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5.1-magnitude quake hits North Carolina

The most powerful earthquake to hit North Carolina in more than 100 years could be felt in much of the state early Sunday, rattling homes, businesses and residents.

The National Weather Service in Greenville said the 5.1-magnitude temblor struck at 8:07 a.m. about 2 miles from Sparta, following a much smaller quake several hours earlier.

There were no immediate reports of injuries; some minor damage was reported.

Michael Hull was standing in his driveway at his home in Sparta when he noticed a group of deer running.

“Not even a minute passed and the side-to-side motion started,” Hull said. “It takes you a minute to realize what’s happening, and you just can’t believe it. Then it was over. It was loud, like God was shaking a mountain at you, literally.”

Karen Backer was in her Greensboro apartment when she heard initially mistook banging in her kitchen for her roommate.

“Nope, it was the cabinet doors ‘clinking’ open and closed! My neighbors on the other hand said they felt our apartment building shaking,” Backer said. “Well, sadly, nothing surprises me in 2020, but a hurricane and an earthquake in the same week is crazy.”

It was the largest earthquake to hit the state since 1916, when a magnitude 5.5 quake occurred near Skyland, the weather service said.

The U.S. Geological Service said the quake’s epicenter was about 2.5 miles (four kilometers) southeast of Sparta, just south of the Virginia-North Carolina border. The USGS said the population in the affected region resides in structures “that are resistant to earthquake shaking, though vulnerable structures exist.”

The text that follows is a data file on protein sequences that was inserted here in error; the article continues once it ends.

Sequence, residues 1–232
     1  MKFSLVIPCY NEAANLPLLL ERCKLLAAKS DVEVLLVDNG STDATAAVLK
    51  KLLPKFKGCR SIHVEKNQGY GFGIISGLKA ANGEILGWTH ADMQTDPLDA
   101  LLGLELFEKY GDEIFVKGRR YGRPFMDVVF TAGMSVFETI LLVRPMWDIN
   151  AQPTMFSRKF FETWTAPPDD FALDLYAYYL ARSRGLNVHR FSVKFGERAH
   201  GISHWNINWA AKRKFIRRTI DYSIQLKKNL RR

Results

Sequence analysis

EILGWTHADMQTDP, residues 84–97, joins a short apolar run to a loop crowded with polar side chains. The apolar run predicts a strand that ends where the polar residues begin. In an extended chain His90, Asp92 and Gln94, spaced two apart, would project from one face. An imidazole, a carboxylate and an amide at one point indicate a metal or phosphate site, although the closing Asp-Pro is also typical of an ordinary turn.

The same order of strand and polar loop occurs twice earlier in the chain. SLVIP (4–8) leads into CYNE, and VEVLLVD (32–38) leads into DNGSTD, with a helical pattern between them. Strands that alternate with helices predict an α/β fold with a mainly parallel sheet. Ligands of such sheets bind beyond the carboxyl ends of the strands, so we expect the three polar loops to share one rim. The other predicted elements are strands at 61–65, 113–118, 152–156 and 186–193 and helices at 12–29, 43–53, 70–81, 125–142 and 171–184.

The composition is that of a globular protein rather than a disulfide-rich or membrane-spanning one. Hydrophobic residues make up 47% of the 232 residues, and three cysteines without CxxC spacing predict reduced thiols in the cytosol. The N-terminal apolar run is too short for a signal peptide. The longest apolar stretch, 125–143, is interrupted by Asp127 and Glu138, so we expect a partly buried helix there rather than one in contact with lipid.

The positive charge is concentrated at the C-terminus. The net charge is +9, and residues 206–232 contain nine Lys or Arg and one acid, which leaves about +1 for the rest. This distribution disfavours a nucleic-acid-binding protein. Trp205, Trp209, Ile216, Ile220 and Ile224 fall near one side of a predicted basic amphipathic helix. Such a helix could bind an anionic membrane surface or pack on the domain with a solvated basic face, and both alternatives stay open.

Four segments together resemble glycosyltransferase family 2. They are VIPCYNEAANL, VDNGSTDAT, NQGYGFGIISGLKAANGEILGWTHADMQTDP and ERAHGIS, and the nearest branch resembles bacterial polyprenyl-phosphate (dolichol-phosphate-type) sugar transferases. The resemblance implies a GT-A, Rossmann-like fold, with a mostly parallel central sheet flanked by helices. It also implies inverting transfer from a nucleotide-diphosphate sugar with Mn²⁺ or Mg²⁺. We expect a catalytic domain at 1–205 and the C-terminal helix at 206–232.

The quake was felt in nearby states including Virginia, South Carolina and Tennessee.

USGS’s tectonic survey of the earthquake states:

The August 9th, 2020 M 5.1 earthquake near Sparta, North Carolina, occurred as a result of oblique-reverse faulting in the upper crust of the North American plate. Focal mechanism solutions for the event indicate rupture occurred on a moderately dipping fault either striking to the northwest or south. This earthquake occurred in the interior of the North American plate. Such mid-plate earthquakes are known as intraplate earthquakes and are generally less common than interplate earthquakes that happen near tectonic plate boundaries. This earthquake was preceded by at least four small foreshocks ranging from M 2.1-2.6, beginning about 25 hours prior to the mainshock.

“Large earthquakes are relatively uncommon in the region directly surrounding the August 9th M5.1 earthquake. Moderately damaging earthquakes strike the inland Carolinas every few decades, and smaller earthquakes are felt about once each year or two. In the 20th century, one earthquake M5 and larger occurred within 100 km to this August 9th events, a M5.2 in the Great Smoky Mountains in 1916. The largest recent earthquake to impact the east coast was the M5.8 Mineral Virginia earthquake on August 23rd, 2011, roughly 300 km to the northeast of this August 9th earthquake. The Mineral Virginia earthquake was felt widely across the east coast and caused slight damage.”

Tom Foreman Jr. contributed from Winston-Salem.

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